Lavinia-Requesting Advice for Farrier on New Radiographs


denisegoergen@...
 

I uploaded new front radiographs. Dakota is living in boots and seems comfortable. The vet didn't have any recommendations and leaves trimming to the farrier. He is very good but also very receptive to any advice. The vet mentioned something about a "line" that may need to be opened but didn't really commit one way or the other.  I really appreciate any comments. How frequently should he be trimmed during the Wisconsin winter?

Thank you,

Denise
--
Denise and Dakota (PPID + IR)
Wisconsin
2022

https://ecir.groups.io/g/CaseHistory/files/Denise%20and%20Dakota

https://ecir.groups.io/g/CaseHistory/album?id=279525


denisegoergen@...
 

I forgot to mention that the farrier comes Monday so any thoughts are appreciated. Thank you, Martha, for your earlier comment.
--
Denise and Dakota (PPID + IR)
Wisconsin
2022

https://ecir.groups.io/g/CaseHistory/files/Denise%20and%20Dakota

https://ecir.groups.io/g/CaseHistory/album?id=279525


Kirsten Rasmussen
 

Not Lavinia, but I'll offer my thoughts until you hear from her.  Overall trim I think has improved a lot since September.  The breakover appears to be in a good place on the Left Front (breakover is almost exactly where the tip of the coffin bone projects to the ground), but the Right Front breakover needs to come back a bit.  The "line" your vet referred to is probably the abscess track we see on the RF hoof wall in the lateral view.  That will either grown out or break off on its own.  No need to bore it out or do a resection.  Just keep the toes trimmed back to minimize pressure on it so the hoof wall doesn't break off until it's mostly grown out.

I would trim every 4 weeks at a minimum, even in winter.  And keep boots with pads on until the soles thicken.  There is some new remodeling of the coffin bone tips on both fronts since the September rads, which is telling you these hooves need protection until the soles thicken up.

--
Kirsten and Shaku (EMS + PPID) and Snickers (EMS) - 2019
Kitimat, BC, Canada
ECIR Group Moderator
 
Shaku's Case History
Shaku's Photo Album

Snickers' Case History
Snickers' Photo Album


Lavinia Fiscaletti
 

Hi Denise,

I've added a couple of mark-ups to Dakota's album:

https://ecir.groups.io/g/CaseHistory/album?id=279525

Agree with what Kirsten has already said. Your farrier has done a nice job of backing the toes up to pull the breakover into a better position. Soles are definitely thin, so NOTHING should be removed from the bottom of either foot, as there is already too little material there to begin with. There is sinking, which was also present in the earlier rads, but hard to discern how much as the coronary band location wasn't marked when the rads were taken. That is contributing to the thin soles. HPA on both is broken back, which means the bony column is dipping back and down from being in good alignment. This has been an issue in all the previous rads as well, so not a new problem. Heels are somewhat underrun but hard to tell by how much without good, current hoof photos. Do not try to move the heels back any at this time as doing so will only make the low palmer/plantar angles worse. Bit of a ski tip has developed on both, which indicates the toes being too far out ahead of where they belong has been an ongoing issue.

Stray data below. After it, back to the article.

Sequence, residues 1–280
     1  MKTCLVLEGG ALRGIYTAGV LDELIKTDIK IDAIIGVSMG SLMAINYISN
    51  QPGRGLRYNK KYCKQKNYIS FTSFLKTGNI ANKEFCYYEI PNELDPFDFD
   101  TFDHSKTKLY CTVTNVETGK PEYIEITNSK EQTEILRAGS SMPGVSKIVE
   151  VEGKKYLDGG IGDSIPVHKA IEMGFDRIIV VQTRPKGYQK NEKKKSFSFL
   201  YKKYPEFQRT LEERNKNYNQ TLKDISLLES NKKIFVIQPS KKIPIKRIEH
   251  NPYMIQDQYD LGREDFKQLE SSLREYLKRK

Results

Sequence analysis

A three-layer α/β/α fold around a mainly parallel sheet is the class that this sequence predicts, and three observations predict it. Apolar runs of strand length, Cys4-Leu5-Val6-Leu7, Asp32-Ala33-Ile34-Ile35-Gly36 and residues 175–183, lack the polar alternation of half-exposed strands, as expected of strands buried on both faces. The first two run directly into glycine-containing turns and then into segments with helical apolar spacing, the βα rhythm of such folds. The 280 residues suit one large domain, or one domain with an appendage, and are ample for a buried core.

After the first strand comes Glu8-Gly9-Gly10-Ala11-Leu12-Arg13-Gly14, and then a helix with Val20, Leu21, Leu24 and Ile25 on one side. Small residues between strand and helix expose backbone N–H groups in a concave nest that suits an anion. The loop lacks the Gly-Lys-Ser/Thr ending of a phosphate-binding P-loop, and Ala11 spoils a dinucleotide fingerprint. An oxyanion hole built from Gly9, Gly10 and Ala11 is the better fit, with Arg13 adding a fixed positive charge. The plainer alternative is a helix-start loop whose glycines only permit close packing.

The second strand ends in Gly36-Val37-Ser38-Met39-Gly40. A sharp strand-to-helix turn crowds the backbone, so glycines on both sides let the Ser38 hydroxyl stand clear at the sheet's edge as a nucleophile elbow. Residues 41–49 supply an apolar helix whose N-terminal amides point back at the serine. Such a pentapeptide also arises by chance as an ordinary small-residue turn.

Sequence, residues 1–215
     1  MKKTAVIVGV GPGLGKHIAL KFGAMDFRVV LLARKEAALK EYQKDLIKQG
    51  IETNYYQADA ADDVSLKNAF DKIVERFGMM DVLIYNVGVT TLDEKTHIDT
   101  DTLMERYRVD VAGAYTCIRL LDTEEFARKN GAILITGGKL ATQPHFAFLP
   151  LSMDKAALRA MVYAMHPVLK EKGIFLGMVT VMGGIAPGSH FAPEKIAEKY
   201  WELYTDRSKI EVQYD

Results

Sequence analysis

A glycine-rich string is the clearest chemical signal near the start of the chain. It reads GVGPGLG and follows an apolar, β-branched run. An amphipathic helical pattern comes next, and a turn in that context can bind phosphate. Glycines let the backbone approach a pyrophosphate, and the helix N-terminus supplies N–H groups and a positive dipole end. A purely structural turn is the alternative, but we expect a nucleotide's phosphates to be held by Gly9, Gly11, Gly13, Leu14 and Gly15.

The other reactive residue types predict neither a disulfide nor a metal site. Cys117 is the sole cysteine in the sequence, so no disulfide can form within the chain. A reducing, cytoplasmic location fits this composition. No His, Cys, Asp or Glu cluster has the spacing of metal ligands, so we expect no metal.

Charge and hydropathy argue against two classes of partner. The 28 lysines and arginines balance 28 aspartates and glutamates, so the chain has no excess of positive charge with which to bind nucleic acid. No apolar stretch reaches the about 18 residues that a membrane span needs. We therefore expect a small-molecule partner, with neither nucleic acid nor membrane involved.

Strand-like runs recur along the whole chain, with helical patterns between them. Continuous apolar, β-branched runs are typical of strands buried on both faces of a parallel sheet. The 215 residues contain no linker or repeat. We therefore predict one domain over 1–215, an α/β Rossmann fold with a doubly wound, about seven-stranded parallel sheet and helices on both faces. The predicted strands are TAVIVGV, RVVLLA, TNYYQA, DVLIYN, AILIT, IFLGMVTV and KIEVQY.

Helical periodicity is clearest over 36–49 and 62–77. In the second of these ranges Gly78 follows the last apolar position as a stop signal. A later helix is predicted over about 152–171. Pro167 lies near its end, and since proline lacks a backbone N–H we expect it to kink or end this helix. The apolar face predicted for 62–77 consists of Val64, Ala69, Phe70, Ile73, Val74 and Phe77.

RF DP 60: Solid blue line is where to toe needs to be backed up to, with the blue hashed area being the excess toe length. There isn't a lot at ground level, more of it is actually the remaining laminar wedge above the ground.

RF lateral rad: Pink line shows where the bony column wants to be lined up and ends where the breakover (and sole depth) should be. Breakover should be where the solid blue line intersects with the current sole depth at ground level.Blue area is the toe that can be backed up more. The purple line follows the actual alignment - see how it dips back and down behind the pink line.Green line shows angle of the new, healthier growth coming in under the coronary band.The older growth then starts to pull away from that angle as you move closer to the ground. Red line shows where the bottom of the foot should be and indicates that there is less-than-nothing to work with along the bottom of the foot. Orange line shows where the heels should line up when everything is healthy. Lime line indicates the need to add vertical height to the back half of the foot, thereby increasing the palmer angle. Yellow arrow points to that abscess(?) tract, which appears to have extended to ground level at this point, so likely drained. If it hasn't appeared already, when the toe gets backed up a bit more, it will likely uncover that hole.

LF lateral rad: Same idea as the RF. Again , there is a broken back HPA, not enough sole depth - so nothing off the bottom of the foot. Take a bit more of the laminar wedge above the breakover away - area in blue.

I can provide more specifics regarding trim strategies with a full set of current hoof photos - of all four feet.

--
Lavinia, George Too, Calvin (PPID) and Dinky (PPID/IR)
Nappi, George and Dante Over the Bridge
Jan 05, RI
Moderator ECIR